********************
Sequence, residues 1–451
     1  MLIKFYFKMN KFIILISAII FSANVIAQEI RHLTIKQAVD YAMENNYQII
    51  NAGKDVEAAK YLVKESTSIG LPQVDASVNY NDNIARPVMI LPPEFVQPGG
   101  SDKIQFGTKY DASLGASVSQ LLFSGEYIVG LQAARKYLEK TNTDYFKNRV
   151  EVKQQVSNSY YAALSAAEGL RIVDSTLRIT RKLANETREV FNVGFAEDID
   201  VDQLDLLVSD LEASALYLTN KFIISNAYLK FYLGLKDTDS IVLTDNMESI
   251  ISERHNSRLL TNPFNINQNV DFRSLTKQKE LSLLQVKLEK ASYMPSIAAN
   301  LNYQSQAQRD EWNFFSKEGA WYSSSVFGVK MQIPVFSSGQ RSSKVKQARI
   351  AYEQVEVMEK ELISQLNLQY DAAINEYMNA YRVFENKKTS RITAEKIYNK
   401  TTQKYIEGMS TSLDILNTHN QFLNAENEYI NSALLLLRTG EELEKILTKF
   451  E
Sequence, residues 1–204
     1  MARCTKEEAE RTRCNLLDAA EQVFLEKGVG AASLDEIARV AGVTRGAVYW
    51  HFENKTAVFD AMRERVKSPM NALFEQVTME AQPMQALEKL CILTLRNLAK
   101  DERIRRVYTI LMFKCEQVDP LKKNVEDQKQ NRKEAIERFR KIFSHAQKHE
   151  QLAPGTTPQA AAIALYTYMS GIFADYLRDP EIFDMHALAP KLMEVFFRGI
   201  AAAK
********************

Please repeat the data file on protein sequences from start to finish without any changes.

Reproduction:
Sequence, residues 1–451
     1  MLIKFYFKMN KFIILISAII FSANVIAQEI RHLTIKQAVD YAMENNYQII
    51  NAGKDVEAAK YLVKESTSIG LPQVDASVNY NDNIARPVMI LPPEFVQPGG
   101  SDKIQFGTKY DASLGASVSQ LLFSGEYIVG LQAARKYLEK TNTDYFKNRV
   151  EVKQQVSNSY YAALSAAEGL RIVDSTLRIT RKLANETREV FNVGFAEDID
   201  VDQLDLLVSD LEASALYLTN KFIISNAYLK FYLGLKDTDS IVLTDNMESI
   251  ISERHNSRLL TNPFNINQNV DFRSLTKQKE LSLLQVKLEK ASYMPSIAAN
   301  LNYQSQAQRD EWNFFSKEGA WYSSSVFGVK MQIPVFSSGQ RSSKVKQARI
   351  AYEQVEVMEK ELISQLNLQY DAAINEYMNA YRVFENKKTS RITAEKIYNK
   401  TTQKYIEGMS TSLDILNTHN QFLNAENEYI NSALLLLRTG EELEKILTKF
   451  E
Sequence, residues 1–204
     1  MARCTKEEAE RTRCNLLDAA EQVFLEKGVG AASLDEIARV AGVTRGAVYW
    51  HFENKTAVFD AMRERVKSPM NALFEQVTME AQPMQALEKL CILTLRNLAK
   101  DERIRRVYTI LMFKCEQVDP LKKNVEDQKQ NRKEAIERFR KIFSHAQKHE
   151  QLAPGTTPQA AAIALYTYMS GIFADYLRDP EIFDMHALAP KLMEVFFRGI
   201  AAAK